It was on one of his regularly scheduled passenger service flights from Skagway to Juneau that Mr. McGinnis met his wife, Sara Barnes McGinnis, who was working for Holland America Cruise Lines as a land tour guide when the ships docked in Skagway. This chance meeting was the start of a 21-year loving relationship and a 20-year marriage between two people meant for each other. They shared a love of Alaska, family, friends, wildlife and traveling to the annual McGinnis Family Reunion every October. Even after Mr. McGinnis stopped flying for Skagway Air Service, he and Sara returned to Skagway from their Pinehurst home to visit friends and enjoy the mystic environment that is Alaska. They even spent a winter there living in an apartment over the local hardware store.  

Donn was presented with the Wright Brothers “Master Pilot” Award by the FAA on June 6, 2006, at a ceremony at Moore County Airport. The FAA’s most prestigious award recognizes individuals who have exhibited professionalism, skill and aviation expertise for at least 50 years while piloting aircraft. 

Mr. McGinnis flew his last flight in 62X on April 20, 2020. It was a typical flight around the Pinehurst area just long enough to “burn out the cobwebs” and to make a soft landing back at SOP-Moore County Airport. He never stopped loving to fly and to “bum around the airport” with his many “Airport Bum” friends. 

Mr. McGinnis is survived by his adoring wife, Sara, of Pinehurst; his daughter, Nora Blevins and her husband, Chuck, of Raleigh; his son, Donn W. McGinnis and his wife, Susan, of Denver, N.C.; his brother, A. Ashley McGinnis and his wife, Betty, of Fairhope, Ala.; his grandchildren, Sarah Calhoun, Mallory McGinnis, Rebecca Ross, and Erin McGinnis; and his great-grandson, Blaze. He is also survived by his extended family, including his stepson, Kenneth Roberts, of Tallahassee, Fla.; his stepdaughter, Karen Mitcheom and her husband, Mikael, of Granite Bay, Calif., as well as their children, Peyton and Noah.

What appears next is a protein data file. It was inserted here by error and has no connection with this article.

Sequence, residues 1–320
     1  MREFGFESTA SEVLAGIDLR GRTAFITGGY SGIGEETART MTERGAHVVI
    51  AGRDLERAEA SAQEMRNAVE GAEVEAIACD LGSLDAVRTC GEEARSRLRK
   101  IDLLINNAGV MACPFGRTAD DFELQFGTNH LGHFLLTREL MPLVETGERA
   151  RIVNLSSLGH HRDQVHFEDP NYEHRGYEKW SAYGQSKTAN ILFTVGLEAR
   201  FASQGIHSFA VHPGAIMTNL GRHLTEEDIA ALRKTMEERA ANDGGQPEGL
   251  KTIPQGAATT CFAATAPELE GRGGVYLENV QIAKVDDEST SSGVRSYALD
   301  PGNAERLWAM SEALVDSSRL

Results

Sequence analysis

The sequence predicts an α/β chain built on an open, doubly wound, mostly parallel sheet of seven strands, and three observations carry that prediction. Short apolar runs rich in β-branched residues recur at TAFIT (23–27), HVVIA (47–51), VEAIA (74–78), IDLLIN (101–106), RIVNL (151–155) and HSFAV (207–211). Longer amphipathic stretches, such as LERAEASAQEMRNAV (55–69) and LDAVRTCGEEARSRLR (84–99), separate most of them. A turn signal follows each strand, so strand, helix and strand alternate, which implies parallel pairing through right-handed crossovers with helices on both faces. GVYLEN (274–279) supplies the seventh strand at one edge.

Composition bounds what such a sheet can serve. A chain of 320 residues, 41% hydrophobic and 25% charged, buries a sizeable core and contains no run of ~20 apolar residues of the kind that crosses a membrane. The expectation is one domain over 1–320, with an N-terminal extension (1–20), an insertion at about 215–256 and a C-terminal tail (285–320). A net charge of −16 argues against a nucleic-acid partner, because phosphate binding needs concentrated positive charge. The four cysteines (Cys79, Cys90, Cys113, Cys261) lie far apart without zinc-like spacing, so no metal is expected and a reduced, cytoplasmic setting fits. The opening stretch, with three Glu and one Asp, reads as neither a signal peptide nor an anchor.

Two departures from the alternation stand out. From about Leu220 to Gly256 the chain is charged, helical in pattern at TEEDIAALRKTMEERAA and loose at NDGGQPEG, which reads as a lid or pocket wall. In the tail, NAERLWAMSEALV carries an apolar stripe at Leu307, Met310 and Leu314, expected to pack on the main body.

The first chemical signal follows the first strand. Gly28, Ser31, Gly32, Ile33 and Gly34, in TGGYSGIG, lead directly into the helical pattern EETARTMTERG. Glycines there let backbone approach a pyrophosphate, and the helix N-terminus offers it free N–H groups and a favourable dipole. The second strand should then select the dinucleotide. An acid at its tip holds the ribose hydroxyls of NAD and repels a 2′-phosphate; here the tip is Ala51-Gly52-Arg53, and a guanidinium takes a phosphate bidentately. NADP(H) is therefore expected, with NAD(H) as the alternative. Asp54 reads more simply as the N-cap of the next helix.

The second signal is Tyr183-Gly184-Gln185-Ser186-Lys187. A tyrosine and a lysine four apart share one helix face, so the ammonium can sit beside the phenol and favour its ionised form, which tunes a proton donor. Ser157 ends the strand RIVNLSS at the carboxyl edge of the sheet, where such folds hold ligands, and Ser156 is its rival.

Mr. McGinnis was preceded in death by his parents, Roger L. and Carolyn McGinnis, formerly of Raleigh.

A memorial service will be held at the Moore County Airport Saturday, July 17, at 1 p.m., in the main terminal building. Contact either Donn W. McGinnis at (704) 641-4313 or Bobby Cox or Scott Malta at the Moore County Airport at (910) 692-3212 for more information. Mr. McGinnis’ remains will be interred next to his parents at Sunset Hills Burial Park in Canton, Ohio, on Oct. 23 of this year during the annual family reunion he loved so dearly. At a later date, the family will take some of his ashes to be scattered over Alaska, “The Great Land” that he adored.

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Services entrusted to Boles Funeral Home of Southern Pines.